It pretty much sucks that Apple changed the design, and it's positively bizarre that they only did it for the 15 and 17" models. It definitely seems contrived - when you hold the laptop over your head, once the lid comes to a point where it goes beyond "vertical" and gravity takes over (kind of hard to describe), it swings shut quickly to about 15ยบ, then glides to a halt in a very "we mean it to do this" fashion.

None of the cases we found at the AS seemed like they'd add tension to the hinges. And, as you can see, the "take it to the Apple Store" responses are not the droids we're looking for.

posted by lonefrontranger at 3:50 PM on September 19, 2009

I guess I'm lucky because I'm typing this on my back in bed with the screen past vertical on my unibody 17" MBP, matte screen. The hinge is nice and firm until I position the screen perpendicular to the ground. I can imagine that the glass on the glossy version could add just enough weight to cause it to close. Have you tried the same experiment on a matte-screen 15" MBP?
posted by michswiss at 4:25 PM on September 19, 2009

Get a cover that you use only in bed, and duct tape that motherf*cker open from the back. Wouldn't do it directly on the metal as the duct tape is likely to mess it up and besides, you want this to be a removable solution.

/redneck geek
posted by fourcheesemac at 5:47 PM on September 19, 2009

Which is why there's apparently a petition out (first link in my OP) for Apple to do something about fixing this.

Hinge stiffness is a large contributor to hinge assembly failure over time.
posted by secret about box at 6:07 PM on September 19, 2009

Ok so based on this new information regarding shitty design flaws, and using my own unibody 13" mb as a model, I think I may have a solution to keep your screen at 90 degress from your keyboard. If you look at the hinge area when the mbp is open to 90 degrees, you'll see there is a little space on the outside of either hinge between the bottom of the screen and the top of the keyboard area (I'm talking about the inch or so of screen that has no hinge attached on the outer sides). My guess is that it would be totally possible to take two popsicle sticks, place them against the screen and slid up tight to the hinge, and use the girth, if you will, of these sticks to keep the screen open. As you close the lid, that opening *has* to get smaller, so if you put something (like wood) in there of the right size, my guess is that it would stay open. This is the least-hacky hack I can think of and has not technically been tested. Let me know if it works!
posted by kthxbi at 9:07 PM on September 19, 2009

Best answer: I have one of said MBPs. I basically experienced everything you have, except that I already owned one of the machines. At one point, one of the Geniuses said something like "we can swap out yours for another, but the new one will probably be the same."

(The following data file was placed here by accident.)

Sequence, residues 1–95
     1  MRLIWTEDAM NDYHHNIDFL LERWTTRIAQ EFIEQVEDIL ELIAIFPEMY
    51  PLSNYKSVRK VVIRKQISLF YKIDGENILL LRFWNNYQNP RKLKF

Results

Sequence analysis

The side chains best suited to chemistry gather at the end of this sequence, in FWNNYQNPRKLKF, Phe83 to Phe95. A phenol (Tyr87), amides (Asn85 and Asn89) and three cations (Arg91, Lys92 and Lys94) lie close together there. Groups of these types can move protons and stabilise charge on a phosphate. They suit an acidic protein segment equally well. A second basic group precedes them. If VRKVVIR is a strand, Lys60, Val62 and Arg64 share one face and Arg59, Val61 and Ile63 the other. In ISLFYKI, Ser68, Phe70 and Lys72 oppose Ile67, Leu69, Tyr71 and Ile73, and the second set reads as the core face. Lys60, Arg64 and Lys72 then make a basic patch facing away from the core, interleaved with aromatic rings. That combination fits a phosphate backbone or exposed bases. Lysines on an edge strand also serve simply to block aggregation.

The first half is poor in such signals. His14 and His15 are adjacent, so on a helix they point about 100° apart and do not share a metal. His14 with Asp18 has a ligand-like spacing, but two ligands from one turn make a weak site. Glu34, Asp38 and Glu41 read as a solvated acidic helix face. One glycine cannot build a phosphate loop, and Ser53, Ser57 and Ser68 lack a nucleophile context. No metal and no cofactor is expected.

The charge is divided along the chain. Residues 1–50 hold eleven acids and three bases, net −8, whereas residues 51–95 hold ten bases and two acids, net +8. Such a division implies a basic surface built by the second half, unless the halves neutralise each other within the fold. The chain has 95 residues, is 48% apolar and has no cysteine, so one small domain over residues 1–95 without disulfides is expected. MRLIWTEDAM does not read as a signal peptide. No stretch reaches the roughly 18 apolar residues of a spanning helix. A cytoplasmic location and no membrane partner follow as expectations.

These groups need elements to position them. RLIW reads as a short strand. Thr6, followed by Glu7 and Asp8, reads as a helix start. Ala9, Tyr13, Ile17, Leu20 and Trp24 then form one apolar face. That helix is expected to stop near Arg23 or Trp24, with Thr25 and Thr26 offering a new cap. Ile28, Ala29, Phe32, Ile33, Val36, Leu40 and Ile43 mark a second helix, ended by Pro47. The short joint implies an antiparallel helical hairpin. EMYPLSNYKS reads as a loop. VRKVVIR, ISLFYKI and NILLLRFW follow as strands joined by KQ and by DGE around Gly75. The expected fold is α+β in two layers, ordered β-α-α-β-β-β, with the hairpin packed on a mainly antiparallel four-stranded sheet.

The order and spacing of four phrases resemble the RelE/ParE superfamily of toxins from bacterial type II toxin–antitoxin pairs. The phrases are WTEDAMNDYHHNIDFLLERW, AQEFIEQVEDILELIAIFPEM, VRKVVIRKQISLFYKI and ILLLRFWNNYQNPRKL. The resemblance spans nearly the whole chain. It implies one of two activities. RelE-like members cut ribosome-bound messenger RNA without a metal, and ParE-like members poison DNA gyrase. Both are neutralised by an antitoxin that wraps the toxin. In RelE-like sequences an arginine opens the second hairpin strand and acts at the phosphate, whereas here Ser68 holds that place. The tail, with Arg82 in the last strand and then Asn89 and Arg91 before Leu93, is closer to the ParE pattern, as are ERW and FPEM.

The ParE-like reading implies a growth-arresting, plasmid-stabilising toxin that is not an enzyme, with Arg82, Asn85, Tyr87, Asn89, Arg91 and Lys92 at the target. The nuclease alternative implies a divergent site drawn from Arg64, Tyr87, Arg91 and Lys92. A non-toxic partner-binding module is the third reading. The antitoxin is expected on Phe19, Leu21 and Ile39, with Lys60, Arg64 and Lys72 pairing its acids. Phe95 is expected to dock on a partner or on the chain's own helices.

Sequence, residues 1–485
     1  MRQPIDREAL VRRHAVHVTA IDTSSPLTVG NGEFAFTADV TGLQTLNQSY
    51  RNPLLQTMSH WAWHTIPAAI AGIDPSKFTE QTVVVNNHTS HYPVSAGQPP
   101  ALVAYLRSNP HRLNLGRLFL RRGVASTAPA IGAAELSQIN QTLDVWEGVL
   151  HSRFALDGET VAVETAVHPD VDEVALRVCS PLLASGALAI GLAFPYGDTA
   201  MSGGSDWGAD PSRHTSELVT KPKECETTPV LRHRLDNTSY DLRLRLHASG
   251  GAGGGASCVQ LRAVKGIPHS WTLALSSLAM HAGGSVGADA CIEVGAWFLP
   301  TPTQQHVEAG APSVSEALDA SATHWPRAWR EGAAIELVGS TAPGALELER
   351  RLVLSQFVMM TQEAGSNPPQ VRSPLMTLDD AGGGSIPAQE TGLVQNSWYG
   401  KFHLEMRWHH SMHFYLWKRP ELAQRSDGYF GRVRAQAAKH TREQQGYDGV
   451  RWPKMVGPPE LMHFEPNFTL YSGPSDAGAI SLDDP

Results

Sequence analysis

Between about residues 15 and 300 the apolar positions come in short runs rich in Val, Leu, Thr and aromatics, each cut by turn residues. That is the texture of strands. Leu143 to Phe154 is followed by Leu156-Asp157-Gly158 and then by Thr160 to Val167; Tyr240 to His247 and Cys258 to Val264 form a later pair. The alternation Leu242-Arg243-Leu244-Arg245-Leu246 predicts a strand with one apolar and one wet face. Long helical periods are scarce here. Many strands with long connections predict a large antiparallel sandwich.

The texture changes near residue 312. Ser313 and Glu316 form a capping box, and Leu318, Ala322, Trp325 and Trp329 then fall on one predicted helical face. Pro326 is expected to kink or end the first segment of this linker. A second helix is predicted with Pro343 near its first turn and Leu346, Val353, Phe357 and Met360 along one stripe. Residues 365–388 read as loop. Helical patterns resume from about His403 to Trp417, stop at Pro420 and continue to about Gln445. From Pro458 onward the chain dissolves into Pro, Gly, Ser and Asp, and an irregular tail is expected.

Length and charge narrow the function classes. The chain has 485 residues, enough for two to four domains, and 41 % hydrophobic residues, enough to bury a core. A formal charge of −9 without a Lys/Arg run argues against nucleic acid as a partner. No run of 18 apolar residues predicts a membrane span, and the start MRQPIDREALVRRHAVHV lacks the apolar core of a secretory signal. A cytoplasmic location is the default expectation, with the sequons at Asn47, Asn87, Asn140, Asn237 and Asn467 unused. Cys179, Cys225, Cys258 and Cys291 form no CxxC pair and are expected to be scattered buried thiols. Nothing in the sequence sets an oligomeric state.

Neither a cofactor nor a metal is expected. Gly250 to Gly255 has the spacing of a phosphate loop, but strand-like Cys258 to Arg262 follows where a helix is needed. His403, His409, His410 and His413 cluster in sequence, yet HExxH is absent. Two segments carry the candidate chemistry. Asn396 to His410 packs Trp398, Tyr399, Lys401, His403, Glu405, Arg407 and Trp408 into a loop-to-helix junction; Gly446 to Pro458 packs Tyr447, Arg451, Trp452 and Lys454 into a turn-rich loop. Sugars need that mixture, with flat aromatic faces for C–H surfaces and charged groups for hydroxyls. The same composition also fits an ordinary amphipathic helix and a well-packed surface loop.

Unfortunately, I ended up just sucking it up. Now that I think about it, I don't really use my MBP on elevated legs anymore. Mostly on my stomach or side when in bed. Not the most comfortable thing, but I did that before anyways. Plus, I'm a weirdo.

Besides that, I *love* this computer.
posted by Tu13es at 5:47 AM on September 20, 2009

Response by poster: Thanks everyone! Mr. lfr has read this thread and we've grumbled a bit and thought about popsicle sticks, but I think where we're both slowly getting to is probably Tu13es' "suck it up" plan of attack. Sigh. Because in the end, we are both, really, that lazy. :)

Thanks all!
posted by lonefrontranger at 9:14 PM on September 20, 2009

Ok so based on this new information regarding shitty design flaws

As I said before, hinge stiffness is bad for laptops. Really bad. The display clamshells will get manipulated thousands of times during the lifetime of the machine, and every bit of stress that can be avoided will increase the life of the hinge.

The hinge on your computer is designed to hold the display still at the desired angle while the machine is sitting on a surface that isn't extremely raked. At the same time, it must not provide more tension than necessary on either itself or the surrounding mechanics.

With a softer hinge, the impact of the added stresses is lowered and your machine lives a happier life. It is certainly less convenient, I agree, but I wouldn't be very upset about it. It's one of the things that makes the build quality of the MacBook Pro so high-caliber.
posted by secret about box at 12:42 AM on September 21, 2009

(basically, i'm saying it doesn't appear to be a design flaw, but instead something intended to increase overall build longevity)
posted by secret about box at 12:44 AM on September 21, 2009

Response by poster: ok Mikey-San, if the hinge stiffness is so very bad for the life of the machine, then WHY, in the name of god's little green apples, did Apple design it something on an order of magnitude STIFFER in the new-gen 13"?? Every one we played with, and I mean EVERY one of the 13" machines, was super stiff.

Contrast that with the floppy, loose hinge on the 15" and 17" (yes, including the matte screens) at the Apple Store, plus the experiences of the folks on the web and in this thread.

Any ideas?
posted by lonefrontranger at 7:07 AM on September 21, 2009

The 15 and 17-inch display assemblies are heavier and provide more stress on the hinge than the smaller display. They're also wider, which exaggerates the effect to some extent. (Think of inequal force being applied when adjusting the display, and the effect it will create on the other side of the hinge and the surrounding parts.) Better to have a softer hinge on those.

I could be wrong, but I've dealt with this stuff before and I've probably thought it through more than some random Internet petition. (No offense to anyone, honest.)

(Also, an "order of magnitude" is going a little far, don't you think? :) )
posted by secret about box at 11:10 AM on September 21, 2009

(FWIW if an Apple Store/AppleCare tells you it should be stiffer at some point, listen to them and not me. What I've said might not be true for the actual situation; it's just an general explanation that may or may not apply here. Something to consider.)
posted by secret about box at 11:15 AM on September 21, 2009